*I can’t quite remember where I saw this phrase – it may have been in Leon Hunt’s Kung Fu Cult Masters or David Bordwell’s Planet Hong Kong. Both these books contain intelligent discussion of the “camp gaze” that westerners bring to Hong Kong movies. I think it’s an important issue for western viewers of these films to be aware of.

**A plot synopsis can be found here: http://en.wikipedia.org/wiki/Kung_Fu_Cult_Master

***“Kung Fu Cult Master / Yitian Tulong Ji zhi Mojiao Jiazhu (1993) has fun with his (Li’s) sexually reticent image.” Leon Hunt, Kung Fu Cult Masters, P. 147

6 thoughts on “Getting into Kung Fu Cult Master

  1. I’ve just read the brief plot description you linked to at Wikipedia, and while it mentions it’s a book adaptation, it doesn’t mention the more pertinent information, that is that the film is based on a very small part of a novel of epic proportions (Similar perhaps to Homer’s Odyssey in that regard, whereby his trials can be broken down into an episodic format).

    The film itself is made on the assumption that viewers are familiar with the story in its entirety, which is only touched upon in the opening, rather rushed monologue that vaguely attempts to fill in the back story – I warrant that for viewers familiar with the book, it serves as more of a quick reminder than a difficult to follow, brief history. This also, in part, explains the rather abrupt ending. But it is also a prime example of Wong Jing’s directorial style, as well as his focus – make the film, sell it, make another one, little care and attention given to necessary plot development. In this case he had the benefit of a long-established story and characters, so glossed over what he could in favour of turnover. Well, that’s my take on it, anyway, particularly considering little thought was given to any real resolution of the plot, relying on the fact that most viewers in HK or China would know what happens next.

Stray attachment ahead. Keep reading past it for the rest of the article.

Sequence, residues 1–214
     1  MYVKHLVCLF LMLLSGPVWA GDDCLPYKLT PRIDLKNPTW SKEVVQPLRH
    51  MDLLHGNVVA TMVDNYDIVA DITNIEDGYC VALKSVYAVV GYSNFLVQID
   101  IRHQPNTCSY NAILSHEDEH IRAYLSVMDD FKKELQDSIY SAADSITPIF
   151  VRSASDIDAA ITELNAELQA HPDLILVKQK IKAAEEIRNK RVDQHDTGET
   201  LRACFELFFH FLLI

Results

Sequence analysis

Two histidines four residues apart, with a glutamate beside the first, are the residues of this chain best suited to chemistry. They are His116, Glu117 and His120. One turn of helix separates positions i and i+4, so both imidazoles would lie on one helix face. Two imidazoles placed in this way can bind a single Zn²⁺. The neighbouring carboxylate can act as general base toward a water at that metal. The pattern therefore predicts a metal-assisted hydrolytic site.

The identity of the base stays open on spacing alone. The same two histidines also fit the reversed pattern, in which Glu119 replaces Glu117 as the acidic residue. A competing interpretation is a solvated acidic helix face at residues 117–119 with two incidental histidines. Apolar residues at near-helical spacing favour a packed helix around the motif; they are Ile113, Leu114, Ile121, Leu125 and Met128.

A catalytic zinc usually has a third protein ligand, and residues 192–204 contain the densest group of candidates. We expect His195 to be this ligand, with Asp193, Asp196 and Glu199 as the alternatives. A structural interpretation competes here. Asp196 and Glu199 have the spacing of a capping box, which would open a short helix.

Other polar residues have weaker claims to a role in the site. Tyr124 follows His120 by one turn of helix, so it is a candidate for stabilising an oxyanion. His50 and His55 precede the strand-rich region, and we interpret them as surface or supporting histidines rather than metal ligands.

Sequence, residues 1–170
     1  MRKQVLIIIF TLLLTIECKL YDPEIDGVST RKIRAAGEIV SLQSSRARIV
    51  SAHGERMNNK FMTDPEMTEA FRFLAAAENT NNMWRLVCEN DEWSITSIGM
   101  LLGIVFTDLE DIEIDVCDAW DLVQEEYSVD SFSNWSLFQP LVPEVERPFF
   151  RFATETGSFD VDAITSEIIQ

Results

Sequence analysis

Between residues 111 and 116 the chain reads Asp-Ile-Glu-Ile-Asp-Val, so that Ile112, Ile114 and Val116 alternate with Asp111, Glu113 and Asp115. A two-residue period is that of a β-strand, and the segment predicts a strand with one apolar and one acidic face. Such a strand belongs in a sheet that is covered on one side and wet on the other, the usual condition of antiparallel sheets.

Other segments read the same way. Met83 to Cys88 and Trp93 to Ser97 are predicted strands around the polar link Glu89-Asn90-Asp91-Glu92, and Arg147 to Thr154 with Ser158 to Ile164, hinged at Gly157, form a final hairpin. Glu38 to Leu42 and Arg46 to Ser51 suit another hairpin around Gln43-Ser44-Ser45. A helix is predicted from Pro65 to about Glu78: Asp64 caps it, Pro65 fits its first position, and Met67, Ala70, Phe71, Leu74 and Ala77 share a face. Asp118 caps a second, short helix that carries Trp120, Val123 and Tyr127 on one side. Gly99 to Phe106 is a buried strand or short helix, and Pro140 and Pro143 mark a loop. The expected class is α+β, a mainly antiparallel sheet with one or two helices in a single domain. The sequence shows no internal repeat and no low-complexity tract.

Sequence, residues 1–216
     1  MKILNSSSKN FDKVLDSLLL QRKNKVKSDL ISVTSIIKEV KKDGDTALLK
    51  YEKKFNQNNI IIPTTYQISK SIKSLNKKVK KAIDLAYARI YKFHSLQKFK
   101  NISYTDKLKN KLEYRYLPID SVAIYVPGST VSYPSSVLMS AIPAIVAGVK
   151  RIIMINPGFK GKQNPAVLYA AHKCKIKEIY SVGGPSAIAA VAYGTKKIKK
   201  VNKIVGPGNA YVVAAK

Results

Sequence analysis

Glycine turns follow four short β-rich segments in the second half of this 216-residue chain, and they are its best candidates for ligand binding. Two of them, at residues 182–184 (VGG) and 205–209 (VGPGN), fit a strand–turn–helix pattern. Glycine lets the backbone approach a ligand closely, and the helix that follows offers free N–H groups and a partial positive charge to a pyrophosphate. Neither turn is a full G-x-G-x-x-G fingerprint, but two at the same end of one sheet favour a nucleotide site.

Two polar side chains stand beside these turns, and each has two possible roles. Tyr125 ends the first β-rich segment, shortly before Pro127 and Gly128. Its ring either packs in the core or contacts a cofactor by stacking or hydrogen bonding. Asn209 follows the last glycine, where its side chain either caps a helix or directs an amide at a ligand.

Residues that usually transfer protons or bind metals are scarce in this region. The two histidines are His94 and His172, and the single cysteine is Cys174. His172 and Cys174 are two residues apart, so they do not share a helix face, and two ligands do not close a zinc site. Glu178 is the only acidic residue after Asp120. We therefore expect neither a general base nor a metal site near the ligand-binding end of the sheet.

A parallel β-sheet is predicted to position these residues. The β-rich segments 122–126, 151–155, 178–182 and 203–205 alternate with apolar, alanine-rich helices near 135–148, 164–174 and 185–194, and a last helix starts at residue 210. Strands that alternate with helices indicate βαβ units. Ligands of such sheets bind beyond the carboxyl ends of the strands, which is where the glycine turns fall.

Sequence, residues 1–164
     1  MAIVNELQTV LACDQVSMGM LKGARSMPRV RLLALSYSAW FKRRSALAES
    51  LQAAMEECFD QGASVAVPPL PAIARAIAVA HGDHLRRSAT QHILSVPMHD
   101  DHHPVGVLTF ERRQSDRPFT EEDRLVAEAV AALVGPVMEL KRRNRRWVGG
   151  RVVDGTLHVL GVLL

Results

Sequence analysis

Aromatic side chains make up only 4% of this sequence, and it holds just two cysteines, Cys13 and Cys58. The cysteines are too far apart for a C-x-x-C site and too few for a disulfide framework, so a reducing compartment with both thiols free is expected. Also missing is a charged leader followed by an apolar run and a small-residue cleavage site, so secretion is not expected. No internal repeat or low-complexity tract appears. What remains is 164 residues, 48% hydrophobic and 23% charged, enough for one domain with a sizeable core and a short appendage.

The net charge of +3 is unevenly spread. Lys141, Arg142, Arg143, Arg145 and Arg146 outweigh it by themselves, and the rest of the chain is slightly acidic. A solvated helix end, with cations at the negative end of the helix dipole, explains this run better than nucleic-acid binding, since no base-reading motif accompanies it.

Chingamy Yau was a favourite of Wong Jing’s, in real life, which in some ways accounts for his high propensity to cast her in the kind of roles he did. Personally, there are very few Wong Jing films that I can appreciate fully. The campiness aside, I find them to be unnecessarily gratuitous and trade more on that aspect than any form of artistic intent. He was also something of a sensationalist, the obvious disparagement towards Jackie Chan after they fell out (post- City Hunter) in another of his films with Jet Li – High Risk – disappointed me, so I perhaps have some bias borne from that, as I lost a little respect for him as a film maker because of it.

    I think, in general, the issue on first viewing is reconciling what are generally considered, or taken for granted, by the majority of western viewers as supernatural abilities portrayed in a way that feels as though we are to take them as natural human abilities, achievable by anyone that learns the right kung fu. Unfamiliar with “superheroes” being presented in that kind of context, many come away with the impression that it’s simply unbelievable and illogical, ergo silly to accept that one can learn and master an entire kung fu style in a matter of minutes, then use mystical forces / techniques (energy) to break down walls and/or fly about. We are more used to seeing this in cartoons, or films built very much on the premise that there are more bizarre, unnatural reasons for these abilities.

    All that being said, though it took me a while, I too came to appreciate some other aspects of KFCM. At first I was rather overwhelmed and confused by the condensed style in which information and the story was related, as I’m not familiar with the story and learned after I first saw it that it was a small part of a much larger story. I have to admit to watching it many times before I felt I had a full grasp on some of the outlaid history, but once I did I could pay attention to a few things that emerged and I began to appreciate it a little more. Somewhat similarly, I find that if I disregard certain expectations, and simply watch the movie on the level it was offered (which I presume to be akin to a popcorn film, i.e. entertainment for entertainment’s sake), I do quite enjoy the ride.